Leibniz holds that all substances are spontaneous, that is, that all states of a given substance originate within it. Several commentators distinguish two kinds of spontaneity. This paper sharpens and expands this distinction by arguing that we need to distinguish not just two, but three types of spontaneity. This in turn sheds light on Leibniz’s otherwise puzzling views on teleology. The paper argues that there is an intimate connection between spontaneity and teleology and that a type of (...) corresponds to each type of spontaneity. Making these distinctions can help us understand, among other things, how Leibniz can account for significant differences between different types of actions while maintaining that all monadic activity is teleological and spontaneous. (shrink)
     
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  27. Kyoung-Jae Kim (2008). On the Formative Elements of the Spiral View of History in Ham's Ssial Thought. Proceedings of the Xxii World Congress of Philosophy 50:351-357.score: 54.0
    The metaphorical understanding of historical movement as spiral is due to the symbolism of the spiral. Spiral is the geometric pattern to depict a self-accumulative growth of energy or life force. For Ham, history neither reiterates “the eternal return” to the primal archetype nor generates “the unilateral straight move of teleology. If history is a living move, it should follow the basic principle of life evolution as all the living experiences the gradual and yet creative advance by (...)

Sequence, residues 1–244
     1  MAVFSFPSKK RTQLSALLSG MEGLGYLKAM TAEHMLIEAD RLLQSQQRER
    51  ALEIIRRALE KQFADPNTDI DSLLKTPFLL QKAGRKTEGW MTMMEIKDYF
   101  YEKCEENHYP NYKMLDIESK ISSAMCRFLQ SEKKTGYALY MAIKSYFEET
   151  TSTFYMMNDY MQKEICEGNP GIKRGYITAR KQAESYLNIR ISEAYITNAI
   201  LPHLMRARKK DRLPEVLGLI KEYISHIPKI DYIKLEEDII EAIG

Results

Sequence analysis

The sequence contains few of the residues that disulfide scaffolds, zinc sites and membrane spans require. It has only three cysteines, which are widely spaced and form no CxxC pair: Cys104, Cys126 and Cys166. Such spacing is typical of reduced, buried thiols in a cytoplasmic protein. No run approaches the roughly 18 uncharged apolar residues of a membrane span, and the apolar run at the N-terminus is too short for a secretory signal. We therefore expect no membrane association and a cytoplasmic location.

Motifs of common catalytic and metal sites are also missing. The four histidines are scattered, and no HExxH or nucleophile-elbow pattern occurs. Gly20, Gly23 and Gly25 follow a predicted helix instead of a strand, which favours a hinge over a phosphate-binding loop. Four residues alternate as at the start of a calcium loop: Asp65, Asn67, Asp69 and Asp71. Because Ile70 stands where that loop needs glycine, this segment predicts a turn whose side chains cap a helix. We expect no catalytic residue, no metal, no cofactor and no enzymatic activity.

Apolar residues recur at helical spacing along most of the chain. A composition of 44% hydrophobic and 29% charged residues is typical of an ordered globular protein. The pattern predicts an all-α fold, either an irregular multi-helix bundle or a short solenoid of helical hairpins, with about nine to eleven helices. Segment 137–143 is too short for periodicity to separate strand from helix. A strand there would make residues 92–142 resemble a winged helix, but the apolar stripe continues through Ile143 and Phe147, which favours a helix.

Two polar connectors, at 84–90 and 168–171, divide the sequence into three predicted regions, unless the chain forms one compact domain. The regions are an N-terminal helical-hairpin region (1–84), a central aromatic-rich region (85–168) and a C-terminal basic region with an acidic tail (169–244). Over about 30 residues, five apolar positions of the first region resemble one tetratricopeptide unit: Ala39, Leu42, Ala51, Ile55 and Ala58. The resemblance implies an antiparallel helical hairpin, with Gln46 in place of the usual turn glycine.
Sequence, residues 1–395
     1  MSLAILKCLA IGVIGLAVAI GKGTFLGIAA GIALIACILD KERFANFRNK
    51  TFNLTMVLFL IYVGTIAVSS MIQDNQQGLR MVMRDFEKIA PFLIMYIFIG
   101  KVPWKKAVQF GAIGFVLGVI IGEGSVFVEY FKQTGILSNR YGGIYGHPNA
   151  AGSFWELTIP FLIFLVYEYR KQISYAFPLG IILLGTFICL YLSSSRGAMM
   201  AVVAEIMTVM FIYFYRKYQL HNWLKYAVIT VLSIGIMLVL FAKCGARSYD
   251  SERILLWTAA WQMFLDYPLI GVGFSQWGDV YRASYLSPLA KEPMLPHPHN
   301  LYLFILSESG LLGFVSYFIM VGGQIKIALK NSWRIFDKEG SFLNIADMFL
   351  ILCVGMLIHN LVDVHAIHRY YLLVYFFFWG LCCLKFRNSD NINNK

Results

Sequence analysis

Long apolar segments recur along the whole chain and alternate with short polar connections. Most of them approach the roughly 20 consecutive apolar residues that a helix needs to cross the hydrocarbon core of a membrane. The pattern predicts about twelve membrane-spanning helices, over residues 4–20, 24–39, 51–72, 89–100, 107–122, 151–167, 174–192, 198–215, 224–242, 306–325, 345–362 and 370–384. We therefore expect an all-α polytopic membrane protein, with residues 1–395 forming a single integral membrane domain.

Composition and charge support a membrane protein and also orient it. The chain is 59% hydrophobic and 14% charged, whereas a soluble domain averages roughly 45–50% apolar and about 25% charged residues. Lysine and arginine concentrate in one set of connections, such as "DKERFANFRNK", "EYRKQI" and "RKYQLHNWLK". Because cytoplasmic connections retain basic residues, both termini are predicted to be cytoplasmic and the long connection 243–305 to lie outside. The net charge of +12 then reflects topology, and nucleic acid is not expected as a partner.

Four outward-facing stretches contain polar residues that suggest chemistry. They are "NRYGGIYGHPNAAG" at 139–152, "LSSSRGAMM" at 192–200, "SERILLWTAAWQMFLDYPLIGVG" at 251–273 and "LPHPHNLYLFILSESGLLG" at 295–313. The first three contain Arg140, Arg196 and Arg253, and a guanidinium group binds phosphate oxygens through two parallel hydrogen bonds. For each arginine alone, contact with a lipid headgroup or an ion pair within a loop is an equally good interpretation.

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  28. Oscar Lucas González Castán (1995). William Alston: Sobre la percepción sensible y otras percepciones. Logos 29 (1):47-72.score: 54.0
    In this essay I shall analyze same main ideas that, from the Enlightenment onwards, have been defended about the relationships between individuals and history. According to these relationships it is always possible to coordinate the aims of particular people with universal aims. I shall also study some theories that imply the collapse of this approach.
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  29. William Dembski (2006). In Defence of Intelligent Design. In Philip Clayton (ed.), The Oxford Handbook of Religion and Science. Oup Oxford. 715-731.score: 48.0
    Accession Number: ATLA0001712271; Hosting Book Page Citation: p 715-731.; Physical Description: il ; Language(s): English; General Note: Bibliography: p 728-731.; Issued by ATLA: 20130825; Publication Type: Essay.
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  30. Robert T. Pennock (2006). The Premodern Sins of Intelligent Design. In Philip Clayton (ed.), The Oxford Handbook of Religion and Science. Oup Oxford. 732-747.score: 48.0